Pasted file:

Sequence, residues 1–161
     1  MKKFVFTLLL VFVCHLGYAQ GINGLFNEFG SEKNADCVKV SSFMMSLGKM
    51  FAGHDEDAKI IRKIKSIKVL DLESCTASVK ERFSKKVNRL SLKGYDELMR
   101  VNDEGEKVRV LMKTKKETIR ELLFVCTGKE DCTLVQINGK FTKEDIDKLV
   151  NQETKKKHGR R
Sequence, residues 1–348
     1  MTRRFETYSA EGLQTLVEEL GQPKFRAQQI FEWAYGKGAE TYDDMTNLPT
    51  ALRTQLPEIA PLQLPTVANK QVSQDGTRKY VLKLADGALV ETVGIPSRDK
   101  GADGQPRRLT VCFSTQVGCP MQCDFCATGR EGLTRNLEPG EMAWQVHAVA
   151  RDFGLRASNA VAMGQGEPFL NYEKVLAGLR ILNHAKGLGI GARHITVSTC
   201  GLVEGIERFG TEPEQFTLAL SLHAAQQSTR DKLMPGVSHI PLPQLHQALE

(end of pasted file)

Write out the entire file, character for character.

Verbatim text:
Sequence, residues 1–161
     1  MKKFVFTLLL VFVCHLGYAQ GINGLFNEFG SEKNADCVKV SSFMMSLGKM
    51  FAGHDEDAKI IRKIKSIKVL DLESCTASVK ERFSKKVNRL SLKGYDELMR
   101  VNDEGEKVRV LMKTKKETIR ELLFVCTGKE DCTLVQINGK FTKEDIDKLV
   151  NQETKKKHGR R
Sequence, residues 1–348
     1  MTRRFETYSA EGLQTLVEEL GQPKFRAQQI FEWAYGKGAE TYDDMTNLPT
    51  ALRTQLPEIA PLQLPTVANK QVSQDGTRKY VLKLADGALV ETVGIPSRDK
   101  GADGQPRRLT VCFSTQVGCP MQCDFCATGR EGLTRNLEPG EMAWQVHAVA
   151  RDFGLRASNA VAMGQGEPFL NYEKVLAGLR ILNHAKGLGI GARHITVSTC
   201  GLVEGIERFG TEPEQFTLAL SLHAAQQSTR DKLMPGVSHI PLPQLHQALE